Def. Br. at 4 (citing Final Pretrial Order at 162; Revised Pretrial Order at 157) (emphasis added). Carpenter contends that Plaintiffs' description serves to broaden the surviving breach of fiduciary duty claim, which Carpenter believes is, like the unfair competition claim, limited to conduct in breach of the NDAs.

  Here, however, Carpenter has a taken a myopic view of the Court's Opinion. Indeed, the Court's discussion of fiduciary duty includes discussion of the NDAs as one potential source of such a fiduciary duty — and an issue about which there are disputed issues of material fact. But the opinion does not rely solely on the NDAs — either as the source of the duty or as a limit on the conduct which might breach the duty. Specifically, the Opinion cites to at least five factual questions, including, but not limited to, breach of the NDAs, which potentially made Carpenter Plaintiffs' fiduciary or put Carpenter in breach of a fiduciary duty, these are

  (1) "questions about whether plaintiff believed that the two companies had an agreement not to compete in the provision of services which were the subject of their joint venture negotiations," Opinion at 39;

  (2) whether "the plaintiff openly shared with the defendant extensive information about plaintiff's corporation" having "opened itself to an extensive due diligence investigation to be conducted by Carpenter pursuant to a confidentiality agreement between the parties," Id.; (3) questions about "whether defendant used information covered by a confidentiality agreement to openly compete with the plaintiff," Id.;*fn1

  (4) "the presence of a more vulnerable party [MTI] which, typically, has tied its success to the other by becoming the exclusive agent of the dominant party, or, by authorizing the other party to make the majority of important business decisions" . . . "in this case, there are material issues of fact as to whether MTI agreed, during joint venture negotiations, to deal exclusively with Carpenter to pursue the Scanpac project;" Id. at 40 (citations omitted);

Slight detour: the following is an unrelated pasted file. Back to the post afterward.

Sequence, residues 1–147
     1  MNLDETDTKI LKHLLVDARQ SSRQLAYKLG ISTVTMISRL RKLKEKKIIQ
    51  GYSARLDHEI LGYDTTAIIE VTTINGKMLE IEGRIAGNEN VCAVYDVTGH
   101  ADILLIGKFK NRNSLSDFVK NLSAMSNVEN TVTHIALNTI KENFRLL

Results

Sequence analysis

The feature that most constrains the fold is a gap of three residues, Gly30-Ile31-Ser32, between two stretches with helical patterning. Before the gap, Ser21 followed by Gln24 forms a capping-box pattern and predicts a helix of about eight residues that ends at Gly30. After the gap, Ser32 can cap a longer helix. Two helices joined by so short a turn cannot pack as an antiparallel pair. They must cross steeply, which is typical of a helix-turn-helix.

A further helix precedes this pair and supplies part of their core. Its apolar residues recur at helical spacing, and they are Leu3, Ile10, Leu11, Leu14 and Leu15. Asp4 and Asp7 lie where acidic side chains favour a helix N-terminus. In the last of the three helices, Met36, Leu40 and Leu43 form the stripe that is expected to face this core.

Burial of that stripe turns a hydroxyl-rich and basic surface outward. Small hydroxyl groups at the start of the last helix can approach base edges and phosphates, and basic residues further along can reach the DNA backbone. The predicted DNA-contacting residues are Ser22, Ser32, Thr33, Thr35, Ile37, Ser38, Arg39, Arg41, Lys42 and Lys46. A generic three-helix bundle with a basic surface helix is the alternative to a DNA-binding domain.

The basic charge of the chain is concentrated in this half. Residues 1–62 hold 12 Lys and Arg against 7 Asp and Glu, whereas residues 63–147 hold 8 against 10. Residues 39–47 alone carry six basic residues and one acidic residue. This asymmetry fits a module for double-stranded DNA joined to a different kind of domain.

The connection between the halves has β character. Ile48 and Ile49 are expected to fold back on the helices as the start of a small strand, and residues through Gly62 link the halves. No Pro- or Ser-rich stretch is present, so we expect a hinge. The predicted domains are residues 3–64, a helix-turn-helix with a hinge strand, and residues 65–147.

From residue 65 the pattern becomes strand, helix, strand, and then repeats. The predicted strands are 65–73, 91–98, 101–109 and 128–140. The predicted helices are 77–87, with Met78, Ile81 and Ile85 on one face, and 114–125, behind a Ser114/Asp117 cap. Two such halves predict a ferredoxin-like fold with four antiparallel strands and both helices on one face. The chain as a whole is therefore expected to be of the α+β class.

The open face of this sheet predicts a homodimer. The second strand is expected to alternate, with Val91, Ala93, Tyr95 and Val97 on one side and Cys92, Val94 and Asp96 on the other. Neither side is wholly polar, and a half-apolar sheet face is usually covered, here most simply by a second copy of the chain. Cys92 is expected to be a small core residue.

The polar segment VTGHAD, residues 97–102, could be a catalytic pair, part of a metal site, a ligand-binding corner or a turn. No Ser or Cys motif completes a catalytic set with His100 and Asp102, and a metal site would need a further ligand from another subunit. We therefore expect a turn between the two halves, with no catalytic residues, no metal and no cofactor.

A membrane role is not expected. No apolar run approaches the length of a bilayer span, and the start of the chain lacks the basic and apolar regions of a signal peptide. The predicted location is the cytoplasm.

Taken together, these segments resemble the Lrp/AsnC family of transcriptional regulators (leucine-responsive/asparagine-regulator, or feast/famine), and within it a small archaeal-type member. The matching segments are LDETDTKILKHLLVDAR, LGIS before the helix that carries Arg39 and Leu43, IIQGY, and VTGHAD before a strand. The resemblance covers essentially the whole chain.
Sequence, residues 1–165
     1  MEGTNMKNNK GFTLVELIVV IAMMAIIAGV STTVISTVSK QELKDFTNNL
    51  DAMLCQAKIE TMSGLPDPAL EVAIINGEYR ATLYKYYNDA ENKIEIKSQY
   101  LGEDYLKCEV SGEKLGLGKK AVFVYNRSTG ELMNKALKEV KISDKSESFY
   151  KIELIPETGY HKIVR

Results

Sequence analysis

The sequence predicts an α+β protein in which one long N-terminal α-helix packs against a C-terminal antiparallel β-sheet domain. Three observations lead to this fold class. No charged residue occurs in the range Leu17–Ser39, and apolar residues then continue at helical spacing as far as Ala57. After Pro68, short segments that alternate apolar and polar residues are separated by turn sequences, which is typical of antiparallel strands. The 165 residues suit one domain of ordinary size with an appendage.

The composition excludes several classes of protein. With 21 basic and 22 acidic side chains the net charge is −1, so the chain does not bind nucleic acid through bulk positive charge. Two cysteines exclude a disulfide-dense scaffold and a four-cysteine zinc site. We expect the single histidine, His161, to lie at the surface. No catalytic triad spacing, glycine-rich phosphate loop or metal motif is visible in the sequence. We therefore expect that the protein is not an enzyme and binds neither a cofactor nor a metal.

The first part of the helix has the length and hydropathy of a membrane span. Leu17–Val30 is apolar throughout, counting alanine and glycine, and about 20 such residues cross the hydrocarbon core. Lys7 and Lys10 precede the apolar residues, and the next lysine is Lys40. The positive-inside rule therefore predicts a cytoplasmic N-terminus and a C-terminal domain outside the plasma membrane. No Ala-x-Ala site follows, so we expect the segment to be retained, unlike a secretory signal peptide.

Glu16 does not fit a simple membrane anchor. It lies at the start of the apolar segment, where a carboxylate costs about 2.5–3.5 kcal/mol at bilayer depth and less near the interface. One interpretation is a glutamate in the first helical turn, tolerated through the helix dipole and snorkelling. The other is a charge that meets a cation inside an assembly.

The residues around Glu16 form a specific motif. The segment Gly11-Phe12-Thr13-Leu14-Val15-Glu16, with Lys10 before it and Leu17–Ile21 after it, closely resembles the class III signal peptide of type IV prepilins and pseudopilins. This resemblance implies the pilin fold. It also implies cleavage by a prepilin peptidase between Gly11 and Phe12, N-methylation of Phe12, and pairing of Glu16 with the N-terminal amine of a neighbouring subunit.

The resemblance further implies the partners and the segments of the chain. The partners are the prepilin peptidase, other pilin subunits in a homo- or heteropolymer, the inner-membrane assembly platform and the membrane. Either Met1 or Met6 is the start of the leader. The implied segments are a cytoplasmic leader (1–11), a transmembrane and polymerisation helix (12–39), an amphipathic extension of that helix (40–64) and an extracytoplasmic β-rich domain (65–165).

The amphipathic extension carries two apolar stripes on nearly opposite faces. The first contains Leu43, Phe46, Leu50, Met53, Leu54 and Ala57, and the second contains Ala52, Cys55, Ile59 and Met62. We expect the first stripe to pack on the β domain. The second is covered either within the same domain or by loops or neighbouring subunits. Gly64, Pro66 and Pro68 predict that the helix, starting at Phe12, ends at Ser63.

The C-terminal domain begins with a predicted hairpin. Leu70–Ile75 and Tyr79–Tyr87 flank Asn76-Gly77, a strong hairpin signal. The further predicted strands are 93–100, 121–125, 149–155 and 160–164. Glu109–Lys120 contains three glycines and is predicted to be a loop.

(5) "there is a legitimate dispute over whether a special relationship of confidence and trust arose between MTI and Carpenter before an agreement was reached, in the course of negotiations. This question of fact is wholly independent of any relationship that may have arose had the proposed joint venture been executed," Id. at 41 (the relationship posited in this discussion could also have arisen independent of the execution of the NDAs).

  The Court's Opinion denied summary judgment on Plaintiffs' claim for breach of fiduciary duty citing all of these several, broadly framed issues. The Court finds no error in Plaintiff's own framing of the fiduciary duty issues at this stage of the litigation — which, as Plaintiffs note, are taken directly from the Court's Opinion, see Plt. Opp. at 3 (The language used by Plaintiffs in the Revised Pretrial Order is taken from the Court's Opinion at 41.)

  Plaintiff's statement of the issue is consistent with the five potential sources of a fiduciary duty, and conduct that would be in breach of such a fiduciary duty, as set forth in the Opinion and above. For this reason, the Court will decline Carpenter's invitation to limit this claim to conduct in breach of the NDAs and Carpenter's Motion is denied as to Count 15.

  III. Conclusion For the above reasons, Defendant's Motion is granted with respect to Plaintiffs' unfair competition claims in Counts 6 and 7. These Counts were clearly limited to conduct in breach of the parties' NDAs. Carpenter's Motion is denied with respect to Plaintiff's claim for breach of fiduciary in Count 15, which the Court upheld as a broader claim that implicated a rage of alleged conduct and factual context, apart from that which related to the NDAs.